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Never Cry Wolf Study Guide & Plot Summary

This Study Guide consists of approximately 65 pages of chapter summaries, quotes, character analysis, themes, and more - everything you need to sharpen your knowledge of Never Cry Wolf.
This section contains 551 words
(approx. 2 pages at 300 words per page)
Purchase our Never Cry Wolf Study Guide

Never Cry Wolf Summary & Study Guide Description

Never Cry Wolf Summary & Study Guide includes comprehensive information and analysis to help you understand the book. This study guide contains the following sections:

This detailed literature summary also contains Quotes and a Free Quiz on Never Cry Wolf by Farley Mowat.

Plot Summary

In Never Cry Wolf, by Farley Mowat, the author begins by recounting how he expressed an interest in living biology at age five when he first discovered two catfish in a stagnant pond near his grandmother’s home in Ontario. When he completed his schooling, he was engaged by the Department of Mines and Resources to investigate the problems of the decreasing deer population, presumed to have been as a result of an out of control wolf population. Never Cry Wolf is a scientific account of what Mowat discovers as a result of his study of wolves.

Mowat's journey into the world of wolves changes everything he believes and has been told about them and their behavior. Before he leaves for his study, he is told that wolves are decimating the caribou population, killing them indiscriminately for sport. He is also under the impression that they will attack and kill a considerable number of men each year, but they will not touch Eskimo women who are pregnant. Told that wolves number as many as thirty thousand in the region of his studies, Farley expects the population to be thick in the area of his observations, but none of these things are true. The reality he soon learns is that the trappers are killing far more wolves each year to feed their husky teams than the wolves kill – up to three hundred a year each. The wolves, on the other hand, subsist on a diet of mainly mice. They hunt caribou as well, but only take the weak, the injured, or the sick, leaving the caribou stronger for their intervention. They do not kill men, and, in fact, they presented little threat to Farley despite his presence near their den, close to their young and around their food. He even camps near a wolf den to better study them with their pups. Even this close contact doesn’t promote aggression from the wolves. He spends summer and fall following the wolf family around, all without threat to him. The final confirmation of this occurs when he crawls into their den at the end of the season, expecting it to be empty. He comes into face to face contact with the female wolf and one of her pups. She doesn’t so much as growl at him, despite the fact that he had crawled into her den.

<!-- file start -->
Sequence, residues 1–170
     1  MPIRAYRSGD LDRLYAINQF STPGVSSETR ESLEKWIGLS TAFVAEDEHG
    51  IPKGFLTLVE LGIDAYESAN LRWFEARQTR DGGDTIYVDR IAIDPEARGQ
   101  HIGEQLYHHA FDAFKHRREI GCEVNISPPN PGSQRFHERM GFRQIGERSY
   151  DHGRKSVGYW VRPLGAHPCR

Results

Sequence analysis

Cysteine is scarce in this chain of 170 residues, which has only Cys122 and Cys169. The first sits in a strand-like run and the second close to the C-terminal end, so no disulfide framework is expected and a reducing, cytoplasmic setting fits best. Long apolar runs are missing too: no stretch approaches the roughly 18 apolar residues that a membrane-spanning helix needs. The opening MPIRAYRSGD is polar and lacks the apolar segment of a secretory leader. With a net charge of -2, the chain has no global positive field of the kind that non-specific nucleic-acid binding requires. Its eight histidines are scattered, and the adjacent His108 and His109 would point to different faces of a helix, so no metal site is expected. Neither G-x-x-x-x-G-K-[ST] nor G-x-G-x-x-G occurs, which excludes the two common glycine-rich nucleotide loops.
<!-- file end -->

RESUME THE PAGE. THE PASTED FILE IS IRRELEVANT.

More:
On the other hand, hunters and trappers did their level best to kill off as many wolves as possible with the not so silent endorsement of the governments – both federal and provincial. The government provides a bounty for each wolf returned, and encourages safaris that kill entire groups of wolves and caribou with impunity. It is barbaric and unnecessary, but there is no way that he can convince the government of the realities of the situation. Never Cry Wolf is a touching and sometimes heartbreaking account of wolves and the struggles they face.

The hardest realization that Farley faces is the moment when he realizes that had he been armed when he investigated the wolves’ den just before leaving, he might have given in to his fear and actually killed the female and her cub simply because they terrified him in that moment. He understands in that moment that his observations will change nothing.

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This section contains 551 words
(approx. 2 pages at 300 words per page)
Purchase our Never Cry Wolf Study Guide
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Never Cry Wolf from BookRags. (c) 2013 BookRags, Inc. All rights reserved.
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